The comical E.P., star of the title essay, “My Remarkable Uncle,” is a classic Leacock character. He is president of a railway with a letterhead but no rails, and he heads a bank that boasts credit but no cash whatsoever – all of which trouble E.P. not in the least.
My Remarkable Uncle, a wonderful smorgasbord of mirth served up by a master of comedy, includes several essays, a short story, a political parable, and personal reflections on a dizzying array of subjects.
Here, in rich abundance, are the inspired nonsense and the unerring eye for human folly that have made Stephen Leacock Canada’s most celebrated humorist.
From the Paperback edition.
Completing these timeless comedies are two of Leacock’s own essays on humour.
From the Paperback edition.
As fresh, funny, and insightful today as when it was first published in 1912, Sunshine Sketches of a Little Town is Stephen Leacock at his best – colourful, imaginative, and thoroughly entertaining.
From the Trade Paperback edition.
Sunshine blazed upon the broad and winding Thames, over whose flowing surface lazy barges dawdled, and panting river steamers raced, leaving in their sinuous paths myriads of scintillations—and rather an unpleasant odour as well. Sunshine was on the footways, and in the roadways, and in the gutters, making mirrors of small muddy pools.
Sunshine there was for the ragged and the richly dressed; for the beggar and the prince alike; for the robust and, happily, for the sickly invalid.
Sunshine everywhere, making brilliant the parks and open places, and interpenetrating all the foulest recesses of this huge city. Giving light where it was rarely seen, and rousing to a glad activity the teeming life already in its first throes of daily labour.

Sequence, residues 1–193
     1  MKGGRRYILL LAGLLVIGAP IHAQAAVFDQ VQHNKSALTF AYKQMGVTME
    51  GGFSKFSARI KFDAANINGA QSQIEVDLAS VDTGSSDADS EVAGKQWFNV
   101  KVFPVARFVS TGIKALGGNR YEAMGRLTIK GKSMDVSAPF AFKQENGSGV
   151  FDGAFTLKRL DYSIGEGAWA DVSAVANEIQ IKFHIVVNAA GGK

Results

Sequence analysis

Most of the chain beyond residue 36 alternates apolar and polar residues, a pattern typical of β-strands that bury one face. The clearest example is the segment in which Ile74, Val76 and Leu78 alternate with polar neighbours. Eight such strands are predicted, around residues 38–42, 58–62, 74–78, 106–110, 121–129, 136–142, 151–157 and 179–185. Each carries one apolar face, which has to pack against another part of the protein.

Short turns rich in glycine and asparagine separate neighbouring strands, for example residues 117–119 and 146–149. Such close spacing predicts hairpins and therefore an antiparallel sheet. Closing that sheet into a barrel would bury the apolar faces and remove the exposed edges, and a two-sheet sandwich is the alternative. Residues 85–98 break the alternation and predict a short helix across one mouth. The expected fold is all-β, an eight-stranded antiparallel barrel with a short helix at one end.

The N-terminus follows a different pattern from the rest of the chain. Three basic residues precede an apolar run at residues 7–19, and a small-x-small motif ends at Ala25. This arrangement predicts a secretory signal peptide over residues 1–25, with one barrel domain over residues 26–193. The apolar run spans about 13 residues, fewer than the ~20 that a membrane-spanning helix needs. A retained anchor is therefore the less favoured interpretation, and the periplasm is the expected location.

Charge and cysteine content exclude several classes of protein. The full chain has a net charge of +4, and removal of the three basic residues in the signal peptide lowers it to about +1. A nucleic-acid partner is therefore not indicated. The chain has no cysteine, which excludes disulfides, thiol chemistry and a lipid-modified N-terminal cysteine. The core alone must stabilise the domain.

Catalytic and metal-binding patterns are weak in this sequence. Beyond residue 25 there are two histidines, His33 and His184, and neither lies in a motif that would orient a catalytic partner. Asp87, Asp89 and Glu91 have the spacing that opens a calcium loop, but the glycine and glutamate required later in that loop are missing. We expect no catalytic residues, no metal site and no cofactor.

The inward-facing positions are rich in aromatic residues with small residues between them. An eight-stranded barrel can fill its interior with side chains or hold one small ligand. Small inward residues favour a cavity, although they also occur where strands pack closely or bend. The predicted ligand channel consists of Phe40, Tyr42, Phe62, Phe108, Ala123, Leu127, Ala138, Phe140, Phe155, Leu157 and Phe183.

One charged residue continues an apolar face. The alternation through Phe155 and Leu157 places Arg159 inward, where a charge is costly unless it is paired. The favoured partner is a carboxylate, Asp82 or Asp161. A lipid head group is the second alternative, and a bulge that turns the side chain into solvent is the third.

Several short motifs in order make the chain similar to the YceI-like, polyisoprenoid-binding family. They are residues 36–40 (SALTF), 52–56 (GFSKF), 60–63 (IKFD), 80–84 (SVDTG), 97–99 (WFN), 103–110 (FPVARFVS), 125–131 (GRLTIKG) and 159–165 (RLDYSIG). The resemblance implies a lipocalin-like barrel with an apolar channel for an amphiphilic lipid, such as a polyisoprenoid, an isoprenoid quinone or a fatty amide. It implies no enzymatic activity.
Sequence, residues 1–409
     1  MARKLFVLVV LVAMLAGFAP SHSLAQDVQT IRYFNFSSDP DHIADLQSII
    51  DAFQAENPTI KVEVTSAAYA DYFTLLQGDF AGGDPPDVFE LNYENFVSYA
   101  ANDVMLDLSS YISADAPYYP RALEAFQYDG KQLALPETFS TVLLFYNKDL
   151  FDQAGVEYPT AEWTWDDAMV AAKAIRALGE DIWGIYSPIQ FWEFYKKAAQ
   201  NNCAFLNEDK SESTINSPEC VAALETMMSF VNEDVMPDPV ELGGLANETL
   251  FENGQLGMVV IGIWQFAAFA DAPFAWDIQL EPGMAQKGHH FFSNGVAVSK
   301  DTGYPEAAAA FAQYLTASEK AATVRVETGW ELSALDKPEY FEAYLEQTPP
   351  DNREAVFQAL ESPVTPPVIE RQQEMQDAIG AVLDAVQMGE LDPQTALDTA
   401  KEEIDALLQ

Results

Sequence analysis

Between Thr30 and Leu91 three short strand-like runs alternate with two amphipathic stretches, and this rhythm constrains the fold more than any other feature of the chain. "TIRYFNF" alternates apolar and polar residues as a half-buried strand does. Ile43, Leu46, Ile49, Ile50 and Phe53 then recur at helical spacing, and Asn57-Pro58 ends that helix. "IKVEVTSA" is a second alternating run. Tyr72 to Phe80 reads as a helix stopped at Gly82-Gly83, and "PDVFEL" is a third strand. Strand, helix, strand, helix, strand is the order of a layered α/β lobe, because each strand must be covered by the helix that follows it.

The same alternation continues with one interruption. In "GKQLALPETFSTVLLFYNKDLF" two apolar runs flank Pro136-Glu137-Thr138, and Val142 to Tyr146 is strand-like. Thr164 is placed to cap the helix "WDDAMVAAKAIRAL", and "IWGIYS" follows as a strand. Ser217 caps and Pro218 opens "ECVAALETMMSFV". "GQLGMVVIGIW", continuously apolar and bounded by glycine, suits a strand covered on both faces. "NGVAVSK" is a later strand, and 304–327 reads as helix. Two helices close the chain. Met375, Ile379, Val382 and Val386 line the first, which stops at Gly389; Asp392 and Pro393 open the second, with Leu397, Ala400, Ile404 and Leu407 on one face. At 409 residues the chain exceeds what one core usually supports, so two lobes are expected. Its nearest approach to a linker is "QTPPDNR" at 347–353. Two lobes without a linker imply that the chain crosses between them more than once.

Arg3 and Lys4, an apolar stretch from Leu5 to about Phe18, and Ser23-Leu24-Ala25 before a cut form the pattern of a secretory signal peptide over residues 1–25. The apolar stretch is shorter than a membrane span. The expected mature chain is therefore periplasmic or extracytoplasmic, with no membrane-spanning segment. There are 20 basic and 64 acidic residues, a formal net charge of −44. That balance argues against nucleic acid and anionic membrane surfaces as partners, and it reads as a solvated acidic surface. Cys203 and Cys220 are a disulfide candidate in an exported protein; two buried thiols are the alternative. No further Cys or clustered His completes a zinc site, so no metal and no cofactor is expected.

Beautiful in this, the bright sunshine! but oh, yet more enchanting in the glory with which it invested the fair face of a young girl, peering out of the upper window of a house situated in one of the City’s closest streets.
She stood there, gazing heavenward, her mild blue eyes bending beneath the influence of the golden glare of sunny-waves of light, yet seeming to revel in their luxuriance as though they spoke to her in fairy language of other and happier times and places now far away.
Upon the opposite side of the street, in the shop of a working goldsmith, one John Harper, there stood a youth, an apprentice to the noble art of working in gold. The beauty and the clearness of the fair morning had elevated and refreshed his youthful spirits, but ah! how much greater their exhilaration when his upturned eyes were gladdened by the sight of that beautiful young girl, whose radiant face, and delicately modelled form, were brought out in brilliant relief by the dazzling sunbeams.
It seemed to him that his brightest conceptions of the beautiful, his dreamy fashionings of a faultless ideal, combined with all his native and his acquired skill, had never yet enabled him to realise “a thing of beauty” to rival the perfect excellence and marvellous charms of that young face upon which his eager eyes were now fastened.
Raphael, in his rarest art-performance had not in his belief attained the sentiment of angelic purity beaming in her features, nor had Carlo Dolci, in the loveliest Madonna he ever painted, anticipated it.